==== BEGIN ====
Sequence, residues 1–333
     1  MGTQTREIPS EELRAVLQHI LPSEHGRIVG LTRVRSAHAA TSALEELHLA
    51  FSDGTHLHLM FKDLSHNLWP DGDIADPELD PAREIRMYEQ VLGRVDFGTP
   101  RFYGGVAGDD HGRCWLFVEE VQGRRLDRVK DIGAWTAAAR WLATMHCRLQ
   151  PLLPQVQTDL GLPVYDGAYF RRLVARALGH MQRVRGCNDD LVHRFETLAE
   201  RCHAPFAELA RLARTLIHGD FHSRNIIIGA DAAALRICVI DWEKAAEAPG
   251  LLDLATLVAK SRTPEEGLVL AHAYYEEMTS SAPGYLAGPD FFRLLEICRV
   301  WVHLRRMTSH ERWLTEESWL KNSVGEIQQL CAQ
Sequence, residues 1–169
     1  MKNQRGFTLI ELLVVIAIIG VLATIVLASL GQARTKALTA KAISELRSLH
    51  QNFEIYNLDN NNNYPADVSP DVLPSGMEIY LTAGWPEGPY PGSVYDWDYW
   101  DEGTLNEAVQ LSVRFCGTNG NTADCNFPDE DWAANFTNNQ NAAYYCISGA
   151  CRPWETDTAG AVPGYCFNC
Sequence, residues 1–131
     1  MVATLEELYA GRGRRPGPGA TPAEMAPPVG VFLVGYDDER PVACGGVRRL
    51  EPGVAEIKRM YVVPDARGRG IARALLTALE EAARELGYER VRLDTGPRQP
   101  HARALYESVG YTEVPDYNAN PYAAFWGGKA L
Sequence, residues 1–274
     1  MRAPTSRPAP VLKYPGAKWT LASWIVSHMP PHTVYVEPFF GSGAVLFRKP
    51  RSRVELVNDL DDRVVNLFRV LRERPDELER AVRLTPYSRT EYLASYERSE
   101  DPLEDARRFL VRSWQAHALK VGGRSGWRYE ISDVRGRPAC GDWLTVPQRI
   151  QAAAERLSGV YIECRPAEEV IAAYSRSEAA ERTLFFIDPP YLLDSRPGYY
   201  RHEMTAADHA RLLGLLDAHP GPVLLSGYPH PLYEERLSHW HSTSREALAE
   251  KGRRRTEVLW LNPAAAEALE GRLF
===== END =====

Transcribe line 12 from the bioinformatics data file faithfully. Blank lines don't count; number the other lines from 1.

   101  DEGTLNEAVQ LSVRFCGTNG NTADCNFPDE DWAANFTNNQ NAAYYCISGA